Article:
Finding the main idea of a paragraph along with making an inference, finding the author's purpose, or understanding vocab words in context is one of the reading skills you'll need to master before taking the reading comprehension section on any standardized test.
What is the main idea?The main idea of a paragraph is the point of the passage, minus all the details. It's the big picture - the Solar System vs. the planets. The football game vs. the fans, cheerleaders, quarterback, and uniforms. The Oscars vs. actors, the red carpet, designer gowns, and films.
How to Find the Main Idea
Summarize the Passage
After you've read the passage, summarize it in one sentence that includes the gist of ever idea from the paragraph. A good way to do this is to pretend you have just ten words to tell someone what the passage was about. You'd have to think broadly, so you could included every detail in just a short statement.
Look for Repetition of Ideas
If you read through a paragraph and you have no idea how to summarize it because there is so much information, start looking for repeated words, phrases, ideas or similar ideas. Read this example paragraph:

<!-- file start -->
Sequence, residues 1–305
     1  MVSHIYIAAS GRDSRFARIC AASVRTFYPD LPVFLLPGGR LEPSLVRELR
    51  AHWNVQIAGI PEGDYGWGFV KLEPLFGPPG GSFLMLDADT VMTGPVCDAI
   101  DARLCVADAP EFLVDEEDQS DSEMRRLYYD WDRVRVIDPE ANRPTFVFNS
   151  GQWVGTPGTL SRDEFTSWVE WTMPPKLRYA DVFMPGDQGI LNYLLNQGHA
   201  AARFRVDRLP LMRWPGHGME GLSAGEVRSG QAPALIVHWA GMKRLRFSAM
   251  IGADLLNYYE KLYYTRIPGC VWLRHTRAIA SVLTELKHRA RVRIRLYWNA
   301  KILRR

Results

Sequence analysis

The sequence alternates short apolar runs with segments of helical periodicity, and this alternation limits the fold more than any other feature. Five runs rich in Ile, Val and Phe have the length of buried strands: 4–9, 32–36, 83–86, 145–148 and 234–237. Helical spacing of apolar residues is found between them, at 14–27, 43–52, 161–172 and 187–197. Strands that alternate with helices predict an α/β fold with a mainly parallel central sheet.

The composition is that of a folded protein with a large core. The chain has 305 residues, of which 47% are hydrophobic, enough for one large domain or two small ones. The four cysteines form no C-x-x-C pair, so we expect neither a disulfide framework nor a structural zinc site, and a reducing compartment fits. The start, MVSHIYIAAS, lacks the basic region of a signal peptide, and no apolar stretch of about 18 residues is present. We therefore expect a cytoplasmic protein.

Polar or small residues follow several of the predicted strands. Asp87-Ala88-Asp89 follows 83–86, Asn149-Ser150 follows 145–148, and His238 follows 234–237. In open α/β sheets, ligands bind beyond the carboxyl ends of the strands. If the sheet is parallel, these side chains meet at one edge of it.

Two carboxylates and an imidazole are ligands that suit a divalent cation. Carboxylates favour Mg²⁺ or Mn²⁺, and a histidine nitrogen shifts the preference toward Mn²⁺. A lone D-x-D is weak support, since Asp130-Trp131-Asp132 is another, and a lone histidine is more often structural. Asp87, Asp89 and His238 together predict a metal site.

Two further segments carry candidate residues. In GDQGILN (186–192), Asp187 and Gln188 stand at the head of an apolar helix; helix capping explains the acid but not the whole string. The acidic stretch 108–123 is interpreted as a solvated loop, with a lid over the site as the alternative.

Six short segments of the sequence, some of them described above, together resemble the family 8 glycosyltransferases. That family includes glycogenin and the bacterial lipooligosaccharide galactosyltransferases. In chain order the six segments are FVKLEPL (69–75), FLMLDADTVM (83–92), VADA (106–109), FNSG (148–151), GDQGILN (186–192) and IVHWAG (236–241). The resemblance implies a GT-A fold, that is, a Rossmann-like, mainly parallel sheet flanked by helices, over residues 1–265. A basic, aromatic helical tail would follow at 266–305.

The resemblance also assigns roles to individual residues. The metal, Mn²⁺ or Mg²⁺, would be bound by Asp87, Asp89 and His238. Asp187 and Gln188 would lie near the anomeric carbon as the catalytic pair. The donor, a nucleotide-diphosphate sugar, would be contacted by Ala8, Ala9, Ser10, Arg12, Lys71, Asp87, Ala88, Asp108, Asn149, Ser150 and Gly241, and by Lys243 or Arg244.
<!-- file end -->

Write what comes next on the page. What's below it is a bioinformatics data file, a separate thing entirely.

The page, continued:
A new hearing device uses a magnet to hold the detachable sound-processing portion in place. Like other aids, it converts sound into vibrations. But it is unique in that it can transmit the vibrations directly to the magnet and then to the inner ear. This produces a clearer sound. The new device will not help all hearing-impaired people - only those with a hearing loss caused by infection or some other problem in the middle ear. It will probably help no more than 20 percent of all people with hearing problems. Those people who have persistent ear infections, however, should find relief and restored hearing with the new device.
What idea does this paragraph consistently repeat? A new hearing device. What's the point about this idea? A new hearing device is now available for some hearing-impaired people. And there is the main idea.
Avoiding Main Idea Mistakes
Now, choosing a main idea from a set of answer choices is different than composing a main idea on your own. The writers get tricky and will give you distractor questions that sound a lot like the real answer! So be sure to avoid making these 3 common mistakes when you're selecting a main idea on a multiple-choice test.
Finding the main idea can be challenging, but if you use the tools above and practice, you'll be well on your way to the score you want on the verbal or reading sections of those standardized tests.